b. a processing unit using said inputs to compute a value for a derivative based on at least one of said inputs using a risk-adjusted pricing equation having multiple variable parameters of the format:

comprising one of the following formulas

*E[dO−δdS]=[r*(*O−δS*)*dt]+[r* _{TC} *dt+r* _{B} *δSdt+r* _{D} *δSdt]+[r* _{VAR} *dt+r* _{σ} *dt+r* _{GAP} *dt]* (i)

or

*E[dO−δdS]=[rOdt]+[r* _{TC} *dt]+[r* _{VAR} *dt+r* _{σ} *dt+r* _{GAP} *dt]* (ii)

or

where

E[dO−δdS] represents Expected Return On Investment comprising the derivative O hedged with δ units of the underlying S over a time interval dt;

[r(O−δS)dt] and [rOdt] represent Return On Government Bonds with rate r;

[r_{TC}dt+r_{B}δSdt+r_{D}δSdt] and [r_{TC}dt] represent Rate of Expected Investment Cost comprising average rate of trading costs r_{TC}, borrowing fees r_{B}, and dividend rate r_{D};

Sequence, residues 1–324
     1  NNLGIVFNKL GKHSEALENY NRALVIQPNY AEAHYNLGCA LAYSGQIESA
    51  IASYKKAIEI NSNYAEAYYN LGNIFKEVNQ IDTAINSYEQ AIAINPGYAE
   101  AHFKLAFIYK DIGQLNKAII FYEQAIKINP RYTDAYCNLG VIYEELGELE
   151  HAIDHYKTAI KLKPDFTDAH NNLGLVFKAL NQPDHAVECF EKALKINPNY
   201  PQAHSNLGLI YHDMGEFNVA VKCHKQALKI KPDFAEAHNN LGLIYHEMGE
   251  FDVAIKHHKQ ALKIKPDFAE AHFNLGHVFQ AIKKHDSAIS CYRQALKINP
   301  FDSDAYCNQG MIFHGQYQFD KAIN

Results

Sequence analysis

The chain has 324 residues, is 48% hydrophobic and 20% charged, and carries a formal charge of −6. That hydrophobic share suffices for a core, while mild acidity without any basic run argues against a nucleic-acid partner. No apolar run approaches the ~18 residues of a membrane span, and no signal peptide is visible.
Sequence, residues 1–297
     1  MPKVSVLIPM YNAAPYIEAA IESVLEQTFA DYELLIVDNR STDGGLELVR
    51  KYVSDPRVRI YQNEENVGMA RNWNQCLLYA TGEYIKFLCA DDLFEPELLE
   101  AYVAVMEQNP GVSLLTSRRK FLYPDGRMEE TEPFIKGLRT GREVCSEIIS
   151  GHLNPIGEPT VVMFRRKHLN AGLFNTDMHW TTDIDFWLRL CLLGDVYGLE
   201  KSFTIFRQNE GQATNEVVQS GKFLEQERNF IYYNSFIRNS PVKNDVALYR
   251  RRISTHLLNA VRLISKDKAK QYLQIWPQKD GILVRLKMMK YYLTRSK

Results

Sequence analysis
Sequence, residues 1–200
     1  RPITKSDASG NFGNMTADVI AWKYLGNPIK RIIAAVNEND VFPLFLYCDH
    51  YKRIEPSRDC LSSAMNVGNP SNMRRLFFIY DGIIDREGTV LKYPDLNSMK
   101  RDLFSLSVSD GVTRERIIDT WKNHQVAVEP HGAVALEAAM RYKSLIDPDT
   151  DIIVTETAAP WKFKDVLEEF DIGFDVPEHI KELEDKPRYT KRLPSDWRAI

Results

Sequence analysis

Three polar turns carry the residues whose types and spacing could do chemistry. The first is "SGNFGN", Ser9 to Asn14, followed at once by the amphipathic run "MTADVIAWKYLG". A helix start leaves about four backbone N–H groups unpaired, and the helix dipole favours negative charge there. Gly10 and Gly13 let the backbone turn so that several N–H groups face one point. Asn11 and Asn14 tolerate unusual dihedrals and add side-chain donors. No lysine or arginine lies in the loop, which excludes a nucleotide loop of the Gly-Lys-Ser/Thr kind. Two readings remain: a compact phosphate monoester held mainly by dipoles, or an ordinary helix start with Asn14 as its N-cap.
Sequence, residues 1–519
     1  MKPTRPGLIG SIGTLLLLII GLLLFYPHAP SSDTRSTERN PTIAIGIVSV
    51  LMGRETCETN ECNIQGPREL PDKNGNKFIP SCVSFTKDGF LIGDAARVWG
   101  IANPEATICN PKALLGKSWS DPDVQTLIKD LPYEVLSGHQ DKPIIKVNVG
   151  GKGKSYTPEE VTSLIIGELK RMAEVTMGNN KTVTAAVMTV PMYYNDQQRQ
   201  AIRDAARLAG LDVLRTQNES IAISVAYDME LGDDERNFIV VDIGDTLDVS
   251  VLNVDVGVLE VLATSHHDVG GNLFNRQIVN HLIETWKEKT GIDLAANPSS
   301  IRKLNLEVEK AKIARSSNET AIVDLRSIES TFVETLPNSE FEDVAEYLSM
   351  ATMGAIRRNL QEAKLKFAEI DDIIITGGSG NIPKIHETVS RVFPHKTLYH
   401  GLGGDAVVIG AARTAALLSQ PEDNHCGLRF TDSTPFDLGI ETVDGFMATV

[r_{VAR}dt+r_{σ}dt+r_{GAP}dt] represents Rate of Expected Risk Premium comprising average positive variance risk premium rate r_{VAR}, volatility risk premium rate r_{σ}, and underlying price gap risk premium rate r_{GAP};

and

c. an output unit for displaying a calculated value of said derivative.

Description

This continuation application claims the benefit of U.S. patent application Ser. No. 09/283,781, filed Apr. 1, 1999 now abandoned, entitled “RISK-ADJUSTED METHOD FOR PRICING FINANCIAL DERIVATIVES.” The disclosures of U.S. patent application Ser. No. 09/283,781 are hereby incorporated in their entirety.

Not Applicable.

Not Applicable.

This invention relates to methods and apparatus for pricing financial derivatives.